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‘Lives at risk’ due to nursing shortages, says cancer patient

Retired nurse Delia Hall was diagnosed with kidney cancer last autumn.

A retired nurse, diagnosed with kidney cancer last year, has warned that she believes lives are being risked, following her experiences with NHS Orkney and Aberdeen Royal Infirmary.

Delia Hall, 61, from Dounby, has given an account of her experience of being diagnosed and the service she received, which, she says, culminated in a potentially life-saving operation being delayed due to a nursing shortage at Aberdeen Royal Infirmary.

Since speaking in this week’s The Orcadian, her operation has now been scheduled for next week. However, Mrs Hall added that she will continue to press the NHS on the issues raised by her experience.

She said: “I really don’t want to be in the limelight, I just want to sit back and have my treatment. But we don’t know how many people are being affected by this nursing shortage. I had to do something.”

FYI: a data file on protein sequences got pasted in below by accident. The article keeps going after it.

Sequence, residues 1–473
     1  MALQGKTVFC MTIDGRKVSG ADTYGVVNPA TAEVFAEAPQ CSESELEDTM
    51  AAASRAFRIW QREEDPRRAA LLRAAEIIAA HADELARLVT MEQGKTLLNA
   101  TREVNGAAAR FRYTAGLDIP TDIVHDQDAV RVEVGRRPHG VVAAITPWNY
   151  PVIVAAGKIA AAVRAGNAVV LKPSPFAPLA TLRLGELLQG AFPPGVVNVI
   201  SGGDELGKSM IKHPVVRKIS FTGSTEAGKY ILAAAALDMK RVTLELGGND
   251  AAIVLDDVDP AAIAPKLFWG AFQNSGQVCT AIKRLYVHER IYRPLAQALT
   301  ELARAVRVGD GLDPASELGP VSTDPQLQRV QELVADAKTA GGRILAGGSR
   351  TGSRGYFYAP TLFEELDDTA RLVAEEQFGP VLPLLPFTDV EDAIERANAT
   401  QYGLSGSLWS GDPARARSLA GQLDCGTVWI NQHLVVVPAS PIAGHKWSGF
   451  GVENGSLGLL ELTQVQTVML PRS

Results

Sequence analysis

In response, NHS Grampian said that the recruitment and retention of nurses is a challenge, not only in the Grampian area, but right across the country.

The spokeswoman added: “Unfortunately, waiting times for some specialities are longer than we would like and we are working to improve these. Treatment times for urological cancers are challenging nationally, as well as locally.

“We do, however, recognise that this will be a very anxious time for patients and their relatives, and would wish to reassure all patients that they are closely monitored to ensure that they receive appropriate treatment as quickly as possible.”

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